The company Qwiki had the opportunity to present at Techcrunch a new "information experience". A “Qwiki” is a short, interactive story: a drastically improved information experience provided via interactive video. Unlike traditional rich media content, all Qwikis are created on the fly from web sources (without any human intervention).
An indeed an information experience, when trying out an actor (e.g. Megan Fox) or a geographic area (e.g. Milford Sound), and you receive a compilation of pictures, video material and a female voice reading text.
So I was imagining the proffesional application, when a company could make use of such a system towards all internal sources to bring the collective company knowledge to the customer on demand in realtime. That is one of our vision: When you walk into a meeting with the customer you bring the company (knowledge) with you.
But on second thought I have my doubts:
A tendency that I see with mixed feelings also in companies that I don't see creating value in all cases: the show and tell visualization, the preference is with video and visualization, not in conveying knowledge. A picture may well be worth 1000 words, but a word is not always worth 1000 pictures.
Furthermore there is the question what Qwiki is doing. As they claim they are not a search engine, so they combine (with which kind of algorithm is not clear) the various internet sources: wikipedia, flickar, youtube, etc. and they do it, as they proudly claim "without any human intervention".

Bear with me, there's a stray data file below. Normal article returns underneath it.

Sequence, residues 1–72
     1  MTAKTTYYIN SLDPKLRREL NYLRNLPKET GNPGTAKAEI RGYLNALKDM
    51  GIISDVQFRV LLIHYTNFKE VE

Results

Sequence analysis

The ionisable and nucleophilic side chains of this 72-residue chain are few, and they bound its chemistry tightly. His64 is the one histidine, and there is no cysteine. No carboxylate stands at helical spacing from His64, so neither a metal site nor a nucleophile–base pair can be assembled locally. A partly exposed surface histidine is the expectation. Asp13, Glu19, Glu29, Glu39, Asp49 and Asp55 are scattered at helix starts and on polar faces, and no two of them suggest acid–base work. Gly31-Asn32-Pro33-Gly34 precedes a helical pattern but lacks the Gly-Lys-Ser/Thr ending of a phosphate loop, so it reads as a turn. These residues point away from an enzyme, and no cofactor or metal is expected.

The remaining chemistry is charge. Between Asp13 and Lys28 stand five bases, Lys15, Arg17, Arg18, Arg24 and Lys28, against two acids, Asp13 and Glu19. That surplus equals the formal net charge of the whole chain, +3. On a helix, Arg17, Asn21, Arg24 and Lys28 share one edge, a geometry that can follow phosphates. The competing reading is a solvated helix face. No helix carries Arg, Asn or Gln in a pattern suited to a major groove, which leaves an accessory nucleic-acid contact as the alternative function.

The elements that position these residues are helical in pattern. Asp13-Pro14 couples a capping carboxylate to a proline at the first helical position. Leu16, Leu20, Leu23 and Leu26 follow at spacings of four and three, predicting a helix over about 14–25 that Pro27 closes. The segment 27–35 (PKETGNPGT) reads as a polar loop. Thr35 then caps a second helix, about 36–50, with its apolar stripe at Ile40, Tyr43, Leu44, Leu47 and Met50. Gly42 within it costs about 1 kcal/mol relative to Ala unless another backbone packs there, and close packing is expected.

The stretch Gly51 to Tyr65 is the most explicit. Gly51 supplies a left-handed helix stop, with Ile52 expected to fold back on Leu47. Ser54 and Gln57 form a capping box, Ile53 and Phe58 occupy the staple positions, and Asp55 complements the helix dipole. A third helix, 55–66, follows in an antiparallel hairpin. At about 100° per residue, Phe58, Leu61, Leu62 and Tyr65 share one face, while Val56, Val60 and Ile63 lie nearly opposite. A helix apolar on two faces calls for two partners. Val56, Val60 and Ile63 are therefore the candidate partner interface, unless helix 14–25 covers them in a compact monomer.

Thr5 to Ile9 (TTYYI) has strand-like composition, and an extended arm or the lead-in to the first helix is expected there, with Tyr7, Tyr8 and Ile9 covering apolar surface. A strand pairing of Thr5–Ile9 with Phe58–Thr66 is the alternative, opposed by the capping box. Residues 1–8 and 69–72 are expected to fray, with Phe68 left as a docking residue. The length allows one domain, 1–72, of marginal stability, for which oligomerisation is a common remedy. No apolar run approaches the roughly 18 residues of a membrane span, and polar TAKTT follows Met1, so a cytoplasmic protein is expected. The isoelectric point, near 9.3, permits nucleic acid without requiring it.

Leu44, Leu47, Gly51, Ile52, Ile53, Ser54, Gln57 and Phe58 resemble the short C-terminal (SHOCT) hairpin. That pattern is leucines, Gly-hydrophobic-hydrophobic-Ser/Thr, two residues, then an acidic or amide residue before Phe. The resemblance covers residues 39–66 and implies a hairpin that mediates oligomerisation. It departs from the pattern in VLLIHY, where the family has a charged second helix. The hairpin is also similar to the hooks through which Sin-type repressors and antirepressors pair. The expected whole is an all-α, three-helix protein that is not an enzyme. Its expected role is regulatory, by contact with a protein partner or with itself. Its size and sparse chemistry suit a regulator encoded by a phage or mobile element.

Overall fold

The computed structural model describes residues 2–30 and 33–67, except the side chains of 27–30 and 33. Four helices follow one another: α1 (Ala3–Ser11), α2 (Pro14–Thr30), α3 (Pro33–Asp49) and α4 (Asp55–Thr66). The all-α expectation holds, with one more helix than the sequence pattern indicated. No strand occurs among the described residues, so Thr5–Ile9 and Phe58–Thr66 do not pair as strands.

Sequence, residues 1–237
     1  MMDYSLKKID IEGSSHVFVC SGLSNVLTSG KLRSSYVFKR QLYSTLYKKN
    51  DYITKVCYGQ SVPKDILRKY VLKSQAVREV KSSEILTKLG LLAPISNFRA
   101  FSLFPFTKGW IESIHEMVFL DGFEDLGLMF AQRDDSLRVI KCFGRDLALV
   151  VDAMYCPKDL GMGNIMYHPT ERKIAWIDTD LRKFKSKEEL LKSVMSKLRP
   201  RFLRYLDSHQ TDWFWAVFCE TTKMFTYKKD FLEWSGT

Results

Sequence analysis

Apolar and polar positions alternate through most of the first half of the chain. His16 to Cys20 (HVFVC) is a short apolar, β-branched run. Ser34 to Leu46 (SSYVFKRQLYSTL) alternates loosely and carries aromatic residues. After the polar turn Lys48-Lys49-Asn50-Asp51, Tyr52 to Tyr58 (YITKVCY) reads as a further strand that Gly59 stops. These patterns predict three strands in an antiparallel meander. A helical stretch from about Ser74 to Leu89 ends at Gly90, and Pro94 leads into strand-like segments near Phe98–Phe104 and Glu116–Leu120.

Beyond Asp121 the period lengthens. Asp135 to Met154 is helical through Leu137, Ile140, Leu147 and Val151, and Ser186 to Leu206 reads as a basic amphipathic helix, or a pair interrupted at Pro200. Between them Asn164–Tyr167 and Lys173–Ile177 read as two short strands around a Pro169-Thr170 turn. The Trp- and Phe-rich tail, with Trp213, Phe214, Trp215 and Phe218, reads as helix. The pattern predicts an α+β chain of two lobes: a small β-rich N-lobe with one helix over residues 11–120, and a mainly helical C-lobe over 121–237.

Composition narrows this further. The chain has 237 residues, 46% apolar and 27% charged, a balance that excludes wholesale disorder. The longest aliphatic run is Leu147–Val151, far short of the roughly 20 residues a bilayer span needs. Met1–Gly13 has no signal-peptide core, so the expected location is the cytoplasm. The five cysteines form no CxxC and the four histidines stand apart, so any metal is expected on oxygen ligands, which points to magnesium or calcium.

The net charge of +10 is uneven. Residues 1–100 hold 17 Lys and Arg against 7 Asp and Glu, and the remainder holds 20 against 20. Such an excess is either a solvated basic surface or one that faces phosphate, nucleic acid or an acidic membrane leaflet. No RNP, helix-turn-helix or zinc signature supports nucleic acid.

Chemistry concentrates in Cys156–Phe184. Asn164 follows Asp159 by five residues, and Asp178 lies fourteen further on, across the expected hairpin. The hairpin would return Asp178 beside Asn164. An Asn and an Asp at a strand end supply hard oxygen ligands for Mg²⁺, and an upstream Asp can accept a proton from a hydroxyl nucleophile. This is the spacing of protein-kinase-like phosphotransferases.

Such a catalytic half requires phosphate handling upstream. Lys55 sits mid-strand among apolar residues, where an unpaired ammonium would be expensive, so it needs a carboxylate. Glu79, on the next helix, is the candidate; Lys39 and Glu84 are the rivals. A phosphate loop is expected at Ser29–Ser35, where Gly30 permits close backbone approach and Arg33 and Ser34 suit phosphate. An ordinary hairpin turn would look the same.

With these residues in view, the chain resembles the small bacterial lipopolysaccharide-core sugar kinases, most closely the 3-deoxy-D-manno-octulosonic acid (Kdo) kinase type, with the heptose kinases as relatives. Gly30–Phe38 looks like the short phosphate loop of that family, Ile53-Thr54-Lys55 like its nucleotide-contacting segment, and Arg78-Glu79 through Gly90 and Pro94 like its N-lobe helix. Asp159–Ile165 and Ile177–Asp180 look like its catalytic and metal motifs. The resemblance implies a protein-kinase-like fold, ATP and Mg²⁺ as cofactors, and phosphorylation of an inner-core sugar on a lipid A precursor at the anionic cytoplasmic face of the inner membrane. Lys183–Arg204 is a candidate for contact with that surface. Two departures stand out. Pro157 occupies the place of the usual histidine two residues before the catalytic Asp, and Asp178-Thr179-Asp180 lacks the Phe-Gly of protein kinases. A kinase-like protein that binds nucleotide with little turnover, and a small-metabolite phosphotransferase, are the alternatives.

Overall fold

Brianstormes states the following: "When it comes to comprehending information, the journey should not be the reward. The destination should be the reward. The destination is the "aha" moment. These Qwiki guys do not seem to have any understanding of the learning process. They're thinking flash cards. They are trying to make the journey -- a multimedia experience -- the reward and I worry about that. What is so desperately needed today and in the future are better skills at reading, comprehension, composition, analysis, and critical thinking. I worry that Qwiki is a giant step back from all that."In my language, yes, Qwiki is creating a new information experience, however as it cannot create the context, it adds to information overflow, instead of creating knowledge.
Imagine you search for BSC and get all the nice videos about the Balance Score Card and Base Station Center (I know, very simple example). The strength of wikipedia is the collective human brain source, not the information experience.
So I am interested, what killer applications I have overseen. Interested, in what you see in it.